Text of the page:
The only time I have ever felt truly threatened and afraid was on the metro in Washington D.C. where I grew up. Not Turkey. Not Egypt. Not Spain. Not Mongolia, and definitely not New Zealand or the 40 other countries I have been to. I wish people would remember that.
On a side-note, while I believe the world is actually a lot safer than we are led to believe, accidents do still happen on the road, often when we are least expecting them! Which is why it’s so important to have a suitable travel insurance plan in place. I use World Nomads Travel Insurance, who I 100% recommend. Their policies are customizable, affordable AND include almost every adventure sport you can think of!
4. Relating to anyone is a skill you’ll pick up if you’re openminded
I started traveling alone when I was 19. When I look back on the person who I was and the person I am today, I couldn’t be happier. I can’t wait to see how I turn out when I’m 80. I am a big believer in the transformative power of travel, and I love that experiences overseas and around the world can help shape and mold you, even make you into a better person if you let them, you know, in a non-hippie kind of way.
Perhaps the most important skill I’ve picked up from solo traveling, at least the most important to me personally, is learning to be able to relate to anyone I meet on the road. Seriously, anyone.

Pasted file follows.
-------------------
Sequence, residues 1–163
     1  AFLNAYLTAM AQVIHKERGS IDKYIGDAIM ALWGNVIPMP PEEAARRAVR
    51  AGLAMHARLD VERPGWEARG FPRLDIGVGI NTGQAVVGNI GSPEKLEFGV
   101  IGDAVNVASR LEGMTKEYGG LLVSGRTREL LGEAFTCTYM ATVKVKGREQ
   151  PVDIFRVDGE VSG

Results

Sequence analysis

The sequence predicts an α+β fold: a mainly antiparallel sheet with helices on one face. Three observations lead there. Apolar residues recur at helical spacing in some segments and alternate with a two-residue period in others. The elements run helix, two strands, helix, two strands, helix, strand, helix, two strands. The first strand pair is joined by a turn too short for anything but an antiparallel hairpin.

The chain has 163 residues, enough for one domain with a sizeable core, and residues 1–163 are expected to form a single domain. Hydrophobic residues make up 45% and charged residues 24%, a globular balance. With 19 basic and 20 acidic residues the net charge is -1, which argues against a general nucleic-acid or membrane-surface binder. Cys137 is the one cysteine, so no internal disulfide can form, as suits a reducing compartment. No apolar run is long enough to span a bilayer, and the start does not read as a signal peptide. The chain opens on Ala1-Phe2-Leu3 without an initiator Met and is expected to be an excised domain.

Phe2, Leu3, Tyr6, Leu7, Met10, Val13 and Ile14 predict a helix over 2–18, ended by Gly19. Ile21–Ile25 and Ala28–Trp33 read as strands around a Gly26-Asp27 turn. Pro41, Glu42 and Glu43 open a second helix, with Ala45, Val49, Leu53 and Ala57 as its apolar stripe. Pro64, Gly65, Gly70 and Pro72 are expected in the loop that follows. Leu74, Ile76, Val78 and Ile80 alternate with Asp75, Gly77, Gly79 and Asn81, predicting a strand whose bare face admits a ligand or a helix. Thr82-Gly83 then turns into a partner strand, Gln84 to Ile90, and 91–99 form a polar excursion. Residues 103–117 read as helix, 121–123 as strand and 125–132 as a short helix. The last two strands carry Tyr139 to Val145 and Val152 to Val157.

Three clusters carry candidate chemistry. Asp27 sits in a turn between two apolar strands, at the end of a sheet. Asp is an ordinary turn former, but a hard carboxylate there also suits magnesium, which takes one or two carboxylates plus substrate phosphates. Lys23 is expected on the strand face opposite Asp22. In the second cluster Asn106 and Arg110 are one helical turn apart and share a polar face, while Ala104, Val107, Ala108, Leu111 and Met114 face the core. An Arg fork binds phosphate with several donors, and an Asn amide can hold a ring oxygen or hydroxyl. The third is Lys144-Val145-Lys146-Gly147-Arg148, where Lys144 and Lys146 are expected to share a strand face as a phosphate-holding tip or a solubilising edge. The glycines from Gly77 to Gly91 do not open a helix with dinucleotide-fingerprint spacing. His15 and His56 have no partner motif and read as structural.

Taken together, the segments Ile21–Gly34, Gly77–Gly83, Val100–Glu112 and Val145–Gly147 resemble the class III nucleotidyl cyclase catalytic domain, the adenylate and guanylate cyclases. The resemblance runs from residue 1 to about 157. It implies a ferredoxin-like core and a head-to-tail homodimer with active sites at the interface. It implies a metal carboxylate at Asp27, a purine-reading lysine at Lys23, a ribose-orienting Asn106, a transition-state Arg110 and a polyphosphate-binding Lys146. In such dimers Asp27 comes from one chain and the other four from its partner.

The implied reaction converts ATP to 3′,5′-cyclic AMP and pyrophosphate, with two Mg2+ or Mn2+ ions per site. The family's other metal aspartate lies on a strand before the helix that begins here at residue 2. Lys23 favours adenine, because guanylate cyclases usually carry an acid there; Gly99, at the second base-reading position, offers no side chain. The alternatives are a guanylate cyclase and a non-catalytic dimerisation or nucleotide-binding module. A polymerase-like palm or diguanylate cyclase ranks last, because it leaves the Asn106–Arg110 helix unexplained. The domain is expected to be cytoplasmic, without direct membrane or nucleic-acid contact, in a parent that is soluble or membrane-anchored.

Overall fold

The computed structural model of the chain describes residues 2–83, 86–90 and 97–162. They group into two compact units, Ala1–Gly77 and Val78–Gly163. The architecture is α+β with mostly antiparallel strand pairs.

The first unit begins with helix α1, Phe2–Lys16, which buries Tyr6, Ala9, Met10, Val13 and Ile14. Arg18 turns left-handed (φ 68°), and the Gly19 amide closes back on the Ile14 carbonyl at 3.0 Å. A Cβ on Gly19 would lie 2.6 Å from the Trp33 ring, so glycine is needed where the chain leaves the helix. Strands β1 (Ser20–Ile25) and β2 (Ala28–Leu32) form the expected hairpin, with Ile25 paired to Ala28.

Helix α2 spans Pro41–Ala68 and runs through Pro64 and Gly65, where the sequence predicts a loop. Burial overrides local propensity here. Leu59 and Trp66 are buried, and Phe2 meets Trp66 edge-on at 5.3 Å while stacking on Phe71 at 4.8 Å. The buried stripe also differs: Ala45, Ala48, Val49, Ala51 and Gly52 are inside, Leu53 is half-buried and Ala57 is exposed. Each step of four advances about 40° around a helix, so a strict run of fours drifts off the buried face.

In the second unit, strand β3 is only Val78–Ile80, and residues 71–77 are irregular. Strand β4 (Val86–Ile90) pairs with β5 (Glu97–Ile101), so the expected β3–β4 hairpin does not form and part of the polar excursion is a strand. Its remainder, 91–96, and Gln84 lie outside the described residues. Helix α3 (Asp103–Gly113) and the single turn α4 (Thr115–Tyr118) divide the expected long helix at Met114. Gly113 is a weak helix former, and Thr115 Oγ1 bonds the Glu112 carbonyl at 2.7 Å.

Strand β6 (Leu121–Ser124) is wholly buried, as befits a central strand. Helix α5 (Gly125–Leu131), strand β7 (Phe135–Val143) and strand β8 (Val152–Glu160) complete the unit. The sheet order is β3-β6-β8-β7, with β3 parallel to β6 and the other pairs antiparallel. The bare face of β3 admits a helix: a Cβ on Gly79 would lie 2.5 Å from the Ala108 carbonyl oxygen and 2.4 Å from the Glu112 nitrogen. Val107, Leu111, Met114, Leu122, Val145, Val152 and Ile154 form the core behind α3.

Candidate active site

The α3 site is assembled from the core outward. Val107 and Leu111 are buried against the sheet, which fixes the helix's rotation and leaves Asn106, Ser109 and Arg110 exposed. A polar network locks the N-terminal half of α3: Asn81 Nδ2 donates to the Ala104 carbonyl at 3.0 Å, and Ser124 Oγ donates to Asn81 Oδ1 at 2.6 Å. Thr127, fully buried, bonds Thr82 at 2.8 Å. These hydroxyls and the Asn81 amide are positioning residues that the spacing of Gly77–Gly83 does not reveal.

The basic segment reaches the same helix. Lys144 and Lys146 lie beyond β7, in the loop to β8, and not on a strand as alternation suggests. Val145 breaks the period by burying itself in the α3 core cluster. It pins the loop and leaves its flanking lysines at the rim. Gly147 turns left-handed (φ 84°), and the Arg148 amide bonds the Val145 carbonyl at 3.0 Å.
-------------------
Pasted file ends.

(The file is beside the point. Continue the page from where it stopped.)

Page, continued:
As much as I am an introvert at heart, I love talking to strangers and meeting people on the road. Without any companions or friends to lean on, I had to learn this on my own.
I’ve made it a point in all my years of travel to be openminded, especially around people I don’t necessarily agree with or even like. Whether it’s a camel driver in the deserts of Jordan or shopkeeper in Indonesia, a sheep farmer in New Zealand or even an eagle hunter in Mongolia, people of all walks of life who couldn’t live or be any different from me, I still want to be able to sit down and talk to them, pick their brains, share stories and maybe even have a moment.
My biggest fear is coming off as a cold, disinterested foreigner who doesn’t give a shit or makes no effort. I can’t stand that attitude among travelers, and trust me, I see it a lot.